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Dog. Oh, that he were here to write me down—an ass !
Act 4, Sc. 2.
Leon. 'Tis all men's office to speak patience
To those that wring under the load of sorrow;
Leon. There was never yet philosopher,
That could endure the toothache patiently ;
Bene. In a false quarrel there is no true valour.
Act 5, Sc. 1.
Bene. Get thee a wife, get thee a wife; there is no staff more reverend than one tipped with horn. —Act 5, Sc. 4.
LOVE'S LABOUR'S LOST.
Biron. Light, seeking light, doth light of light beguile.
Act I, Sc. 1.
Prin. Beauty is bought by judgment of the eye,
Act 2, Sc. I.
A merrier man,
Act 2, Sc. 1.
Biron. This senior-junior, giant-dwarf, Dan Cupid :
Regent of love-rhymes, lord of folded arms,
I seek a wife!
Act 3, Sc. I. Prin. And out of question so it is sometimes,
Glory grows guilty of detested crimes. Act 4, Sc. 1. Sir Nath. Sir, he hath never fed of the dainties that are bred in a book.–Act 4, Sc. 2.
King. Black is the badge of hell. — Act 4, Sc. 3.
Act 4, Sc. 3.
Act 4, Sc. 3. Biron. From women's eyes this doctrine I derive :
They are the ground, the books, the academes,
Act 4, Sc. 3. Biron. For where is any author in the world,
Teaches such beauty as a woman's eye?
Act 4, Sc. 3. * Ben Jonson, in “A Silent Woman," Act 4, Sc. I, uses the same simile. “She takes herself asunder still when she goes to bed, into some twenty boxes ; and about next day, noon, is put together again like a great German clock.” The expression is also employed by Middleton in “A Mad World my Master,” 1608, and in Decker and Webster's “Westward Hoe," 1607. Mistress Birdlime says, “No German clock, nor mathematical engine whatsoever, requires so much reparation as a woman's face."-Act 1, Sc. i.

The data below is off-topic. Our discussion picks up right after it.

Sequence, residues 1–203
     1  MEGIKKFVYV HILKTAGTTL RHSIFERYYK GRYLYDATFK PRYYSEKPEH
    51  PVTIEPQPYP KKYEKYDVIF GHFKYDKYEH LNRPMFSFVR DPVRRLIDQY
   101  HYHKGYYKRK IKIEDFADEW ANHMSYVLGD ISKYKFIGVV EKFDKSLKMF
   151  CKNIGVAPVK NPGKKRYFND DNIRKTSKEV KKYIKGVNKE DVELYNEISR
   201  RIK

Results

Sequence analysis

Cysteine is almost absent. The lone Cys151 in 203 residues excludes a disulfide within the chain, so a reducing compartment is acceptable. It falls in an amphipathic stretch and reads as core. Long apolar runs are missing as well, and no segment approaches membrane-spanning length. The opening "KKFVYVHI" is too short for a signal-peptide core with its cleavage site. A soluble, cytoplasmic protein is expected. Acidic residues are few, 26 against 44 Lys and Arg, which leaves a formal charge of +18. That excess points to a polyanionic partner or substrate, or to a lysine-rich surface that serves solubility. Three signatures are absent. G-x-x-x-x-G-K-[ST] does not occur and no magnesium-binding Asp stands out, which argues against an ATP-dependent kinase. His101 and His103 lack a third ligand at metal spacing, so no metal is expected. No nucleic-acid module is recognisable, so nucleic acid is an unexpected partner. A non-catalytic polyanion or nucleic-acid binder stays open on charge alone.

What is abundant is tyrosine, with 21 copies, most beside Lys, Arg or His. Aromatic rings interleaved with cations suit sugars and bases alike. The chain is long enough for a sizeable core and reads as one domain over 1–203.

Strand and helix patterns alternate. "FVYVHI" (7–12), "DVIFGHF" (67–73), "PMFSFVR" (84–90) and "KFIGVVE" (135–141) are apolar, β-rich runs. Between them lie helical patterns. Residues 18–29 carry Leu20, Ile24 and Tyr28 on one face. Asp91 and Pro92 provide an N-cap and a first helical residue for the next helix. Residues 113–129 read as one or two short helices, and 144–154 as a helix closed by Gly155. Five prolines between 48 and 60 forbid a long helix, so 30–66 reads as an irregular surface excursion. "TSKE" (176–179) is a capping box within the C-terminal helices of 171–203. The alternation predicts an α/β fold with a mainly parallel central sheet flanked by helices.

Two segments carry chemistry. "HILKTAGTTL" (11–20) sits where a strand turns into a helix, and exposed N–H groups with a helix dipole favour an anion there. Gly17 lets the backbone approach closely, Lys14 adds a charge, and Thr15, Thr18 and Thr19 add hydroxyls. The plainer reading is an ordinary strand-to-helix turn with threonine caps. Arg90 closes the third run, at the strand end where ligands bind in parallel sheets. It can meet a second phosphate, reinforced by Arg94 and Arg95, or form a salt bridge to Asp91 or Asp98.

Biron. A lover's eyes will gaze an eagle blind :
A lover's ear will hear the lowest sound, -Act 4, Sc. 3.
Biron. And when Love speaks, the voice of all the gods
Makes heaven drowsy with the harmony.
Act 4, Sc. 3. Biron. For Charity itself fulfils the law,
And who can sever love from charity ? Act 4, Sc. 3.
Moth. They have been at a great feast of languages, and stolen the scraps. — Act 5, Sc. I.
Prin. None are so surely caught, when they are catch’d,
As wit turn'd fool ; folly, in wisdom hatch'd,
And wit's own grace to grace a learned fool.
As gravity's revolt to wantonness.
As foolery in the wise when wit doth dote;
Boyet. The tongues of mocking wenches are as keen
As is the razor's edge invisible,
things. —Act 5, Sc. 2.
Biron. Honest plain words best pierce the ear of grief.
Act 5, Sc. 2
Biron. Mirth cannot move a soul in agony.-Act 5, Sc. 2.
Ros. A jest's prosperity lies in the ear
Of him that hears it, never in the tongue
And lady-smocks all silver-white,
Do paint the meadows with delight,
When shepherds pipe on oaten straws,
And merry larks are ploughmen's clocks,
And maidens bleach their summer smocks,
And Dick the shepherd blows his nail,
And milk comes frozen home in pail,
When all aloud the wind doth blow,
And coughing drowns the parson's saw,
And Marian's nose looks red and raw,
A MIDSUMMER NIGHT'S DREAM.
Be advis'd, fair maid;
To leave the figure or disfigure it.-Act I, Sc. 1.
Than that, which, withering on the virgin thorn,
Act I, Sc. I. Lys. Ay me! for aught that I could ever read,
Could ever hear by tale or history,
Act I, Sc. 1. Hel. Love looks not with the eyes, but with the mind;
And therefore is wing’d Cupid painted blind :
So the boy Love is perjur'd everywhere. – Act I, Sc. I. * The same sentiment, in very different language, has been expressed by Milton, in “Paradise Lost,” Book X., line 896, and following lines.